|Publication number||US173618 A|
|Publication date||Feb 15, 1876|
|Filing date||Jan 27, 1876|
|Publication number||US 173618 A, US 173618A, US-A-173618, US173618 A, US173618A|
|Export Citation||BiBTeX, EndNote, RefMan|
|External Links: USPTO, USPTO Assignment, Espacenet|
3 Sheets-Sheetl E. GRAY. ELEGTR O-HARMONIC TELEGRAPH. .N 173,618, I Patented Feb. 15, 1876.
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E. GRAY. I ELECTRO-HARMONIC TELEGRAPH.
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E.GRAY. ELECTRO-HARMONIC TELEGRAPH.
WITNESSES Q N PETERS, mm-umocmrnu, WASHINGTON, D. c
UNI ED STATES PATENT OFFICE.
ELISHA GRAY, OF CHICAGO, ILLINOIS.
IMPROVEMENT IN ELECTRO-HARMONIC TELEGRAPHS.
Specification forming part of Letters Patent No. 173,6 18, dated February 15, 1876; application filed January 27, 1876.
mitting said sounds, of which the following is a specification In Letters Patent of the United States granted me July 27, 1875, and numbered, respectively, 166,095 and 166,096, 1 have shown and described methods of transmitting musical impressions or sounds telegraphically.
My present invention .relates to means whereby tunes may be played by a single operator, and reproduced, if desired, at a distant station by apparatus described in the patents above mentioned, or in other ways, for which applications for Letters Patent filed by me and now pending.
My invention primarily consists in a novel art of producing musical impress ons or sounds by means of a series of properly-tuned vibrating reeds or bars thrown into action by means of a series of keys opening or closing electric circuits. It also. consists in a novel art of transmitting tunes so produced through an electric circuit and reproducing them at the receiving end of the line. My improvements further consist in novel apparatus for the production and transmission of such tunes. The subject-matter claimed will hereinafter specifically be designated.
In the accompanying drawings Figure 1 shows a plan or top view of so much only of my improved apparatus as is necessary to illustrate the subject matter herein claimed; Fig. 2, a vertical transverse section therethrough on the line 00 a: of Fig. 1; Fig. 3, a vertical transverse section therethrough on the line y y of Fig. 2 Fig. 4., a bottom-plan view of the instrument; and, Figs. 5 and 6 represent views in perspective of certain details of the mechanism.
The drawings show an electrical organ of a single octave embodying my improvements in the bestway now known to me obviously, however, the number of the keys may be increased, and the details of construction of the instrument may be varied in many well-known ways without departing from the principle of my invention.
The mechanism is shown as inclosed in a box or frame A. A series of vibrating reeds or electrotomes, 1, 2, 3, 4, 5, 6, 7 8, each tuned to produce a note of different pitch, is shown as mounted in a bar, B, secured upon a stout frame.
The method of constructing and operating these reeds is fully shown and described in Letters Patent No. 165,728, granted to me July 20, 1875, and need not, therefore, be recapitulated here. Each vibrating reed forms part of an electric circuit whichis opened and closed by its respective key 1, 2 3, 4, 5, 6, 7, 8, which takes the place of an ordinary Morse key. Each key works on a pivot 0, (see Fig. 2,) and has a guide-pin, c to'keep it steady. A spiral spring, 0 holds the key up and keeps the circuits normally open. When a key is depressed, both the main and local circuits are closed by springs, D E, on the under side of the key, which form part of the circuit. The keys are in other respects like those of an ordinary melodeon.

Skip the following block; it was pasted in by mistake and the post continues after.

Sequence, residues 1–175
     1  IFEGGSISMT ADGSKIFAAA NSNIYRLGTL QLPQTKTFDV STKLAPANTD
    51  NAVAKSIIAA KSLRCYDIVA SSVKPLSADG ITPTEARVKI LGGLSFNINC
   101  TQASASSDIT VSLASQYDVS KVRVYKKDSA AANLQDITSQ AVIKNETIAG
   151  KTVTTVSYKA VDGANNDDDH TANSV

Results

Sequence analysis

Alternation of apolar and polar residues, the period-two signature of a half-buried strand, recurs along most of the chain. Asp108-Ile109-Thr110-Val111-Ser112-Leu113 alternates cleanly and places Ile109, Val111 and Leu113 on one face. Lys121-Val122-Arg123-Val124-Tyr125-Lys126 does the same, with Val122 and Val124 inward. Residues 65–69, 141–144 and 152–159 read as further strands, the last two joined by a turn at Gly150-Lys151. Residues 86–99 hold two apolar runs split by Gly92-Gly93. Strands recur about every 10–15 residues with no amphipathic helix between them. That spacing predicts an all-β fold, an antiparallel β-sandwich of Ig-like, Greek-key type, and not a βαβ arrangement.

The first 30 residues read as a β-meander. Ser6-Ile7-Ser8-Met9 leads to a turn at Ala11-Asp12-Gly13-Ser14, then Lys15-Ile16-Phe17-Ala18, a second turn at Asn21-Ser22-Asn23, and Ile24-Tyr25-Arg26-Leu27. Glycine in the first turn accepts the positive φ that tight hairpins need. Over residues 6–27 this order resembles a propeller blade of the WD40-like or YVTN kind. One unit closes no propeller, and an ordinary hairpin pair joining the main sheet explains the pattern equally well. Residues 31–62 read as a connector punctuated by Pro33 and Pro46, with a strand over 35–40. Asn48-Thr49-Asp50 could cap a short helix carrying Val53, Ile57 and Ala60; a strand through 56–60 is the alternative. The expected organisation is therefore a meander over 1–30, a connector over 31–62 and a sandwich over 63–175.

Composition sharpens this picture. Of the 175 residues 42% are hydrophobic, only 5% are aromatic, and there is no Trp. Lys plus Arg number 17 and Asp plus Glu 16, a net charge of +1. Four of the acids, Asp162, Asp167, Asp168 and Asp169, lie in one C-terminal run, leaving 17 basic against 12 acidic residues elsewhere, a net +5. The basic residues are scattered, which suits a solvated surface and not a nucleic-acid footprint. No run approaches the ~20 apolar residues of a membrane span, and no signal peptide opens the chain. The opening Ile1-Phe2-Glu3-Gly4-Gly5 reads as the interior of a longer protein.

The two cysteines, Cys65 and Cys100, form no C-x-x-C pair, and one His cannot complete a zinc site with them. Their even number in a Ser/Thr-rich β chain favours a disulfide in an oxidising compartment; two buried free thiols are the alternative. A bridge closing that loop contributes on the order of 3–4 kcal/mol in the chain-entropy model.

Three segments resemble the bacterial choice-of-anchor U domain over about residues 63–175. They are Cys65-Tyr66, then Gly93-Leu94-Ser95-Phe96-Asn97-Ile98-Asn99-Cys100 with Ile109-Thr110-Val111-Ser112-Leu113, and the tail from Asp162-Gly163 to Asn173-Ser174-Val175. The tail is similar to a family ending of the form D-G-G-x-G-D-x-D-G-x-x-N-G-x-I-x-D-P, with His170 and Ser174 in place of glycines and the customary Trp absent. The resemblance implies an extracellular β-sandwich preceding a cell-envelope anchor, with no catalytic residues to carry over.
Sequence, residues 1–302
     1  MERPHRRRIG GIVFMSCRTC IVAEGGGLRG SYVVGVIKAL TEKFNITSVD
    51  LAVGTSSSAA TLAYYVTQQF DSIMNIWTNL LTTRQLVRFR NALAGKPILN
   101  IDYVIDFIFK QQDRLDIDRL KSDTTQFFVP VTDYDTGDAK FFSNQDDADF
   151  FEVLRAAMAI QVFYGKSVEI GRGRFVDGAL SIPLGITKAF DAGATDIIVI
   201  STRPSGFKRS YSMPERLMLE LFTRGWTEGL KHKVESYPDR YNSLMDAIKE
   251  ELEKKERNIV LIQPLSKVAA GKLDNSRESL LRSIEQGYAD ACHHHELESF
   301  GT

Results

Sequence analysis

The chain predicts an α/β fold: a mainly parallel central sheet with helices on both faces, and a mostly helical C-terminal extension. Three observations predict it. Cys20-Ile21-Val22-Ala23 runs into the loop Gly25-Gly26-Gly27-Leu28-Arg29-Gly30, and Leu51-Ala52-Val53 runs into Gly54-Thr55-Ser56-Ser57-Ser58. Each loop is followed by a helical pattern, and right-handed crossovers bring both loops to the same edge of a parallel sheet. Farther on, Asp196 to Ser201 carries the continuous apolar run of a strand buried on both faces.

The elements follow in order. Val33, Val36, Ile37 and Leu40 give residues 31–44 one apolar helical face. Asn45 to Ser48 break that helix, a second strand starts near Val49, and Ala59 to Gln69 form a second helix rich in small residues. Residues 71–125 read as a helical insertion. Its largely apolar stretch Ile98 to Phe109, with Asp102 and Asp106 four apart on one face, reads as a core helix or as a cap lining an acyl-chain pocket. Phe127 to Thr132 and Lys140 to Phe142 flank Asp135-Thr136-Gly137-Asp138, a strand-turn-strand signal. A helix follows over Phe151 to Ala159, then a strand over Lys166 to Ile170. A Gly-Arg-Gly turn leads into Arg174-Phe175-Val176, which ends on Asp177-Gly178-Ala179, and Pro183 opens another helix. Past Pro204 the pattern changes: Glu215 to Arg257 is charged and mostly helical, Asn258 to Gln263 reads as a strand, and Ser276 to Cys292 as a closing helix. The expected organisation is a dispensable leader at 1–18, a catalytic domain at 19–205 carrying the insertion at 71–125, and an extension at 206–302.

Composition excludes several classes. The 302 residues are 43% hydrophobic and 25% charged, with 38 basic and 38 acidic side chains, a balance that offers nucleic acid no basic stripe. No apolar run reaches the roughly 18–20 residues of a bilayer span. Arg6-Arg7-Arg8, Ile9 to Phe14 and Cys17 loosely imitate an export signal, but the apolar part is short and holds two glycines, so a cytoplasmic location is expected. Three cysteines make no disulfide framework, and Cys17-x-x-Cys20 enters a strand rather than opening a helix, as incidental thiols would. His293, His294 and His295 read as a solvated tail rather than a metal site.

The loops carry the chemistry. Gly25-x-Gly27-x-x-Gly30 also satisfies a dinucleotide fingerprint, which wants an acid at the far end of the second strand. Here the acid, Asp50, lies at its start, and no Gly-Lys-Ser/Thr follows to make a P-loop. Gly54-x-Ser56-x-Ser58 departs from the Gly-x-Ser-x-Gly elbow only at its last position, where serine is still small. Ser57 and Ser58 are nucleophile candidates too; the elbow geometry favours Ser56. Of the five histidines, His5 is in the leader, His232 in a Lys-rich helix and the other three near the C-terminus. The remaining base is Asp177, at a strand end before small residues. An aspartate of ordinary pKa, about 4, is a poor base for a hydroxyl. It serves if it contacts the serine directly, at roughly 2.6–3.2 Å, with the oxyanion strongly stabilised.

To counteract the tendency of one reed to be thrown into sympathetic vibration by another when sounded, I mount a series of stops, f, each on its respective lever F, rocking on a pivot F, and provided with a spring, f, by which each stop is normally pressed against the end of its vibrating reed after the manner of the dampers of a piano. The stop is withdrawn from the reed whenever its key is depressed, by means of a lever, G, rocking on a fulcrum, g, and actuated by a pin, G, on the key. The vibration of the reed is thus instantly stopped as its circuit opens, and is promptly released the moment before the circuit closes to throw it into action again. The method of running the main and local circuits in this instance is similar to that shown in my patent No. 165,728, above mentioned.
By the mechanism above described, the operator is enabled to play any desired tune, which will be audible at the spot where played and which may be reproduced audibly at a distant station by means of the mechanism described in the Letters Patent of July 27, 1875, hereinbefore mentioned, as well as by other mechanism which forms the subject- .l claim as my invention 1. The improvement in the art of producing musical impressions or sounds telegraphically,
liereinbefore set forth, which consists in controlling a series of automatically and electrically vibrated reeds, producing tones of different pitch, by aseries of keys arranged organfashion and adapted for manipulation by a single operator.
2. The improvement in the art of producing and transmitting tunes telegraphically, which consists in controlling a series of automatially and electrically vibrated reeds, producing tones of different pitch, by a series of keys arranged organ-fashion and adapted for m anipulation by a single operator, transmitting the tune thus produced through an electric circuit and reproducing it at the receiving end of the line, substantially in the manner described.
3. The combination, substantially as hereinbefore set forth, of a series of electricallyvibrated reeds and a corresponding series of which reproduces the tune played by the organ. In testimonv whereof I have hereunto subscribed my name.
E LISHA GRAY.
Witnesses E. G. DAVIDSON, H. T. EARNEST.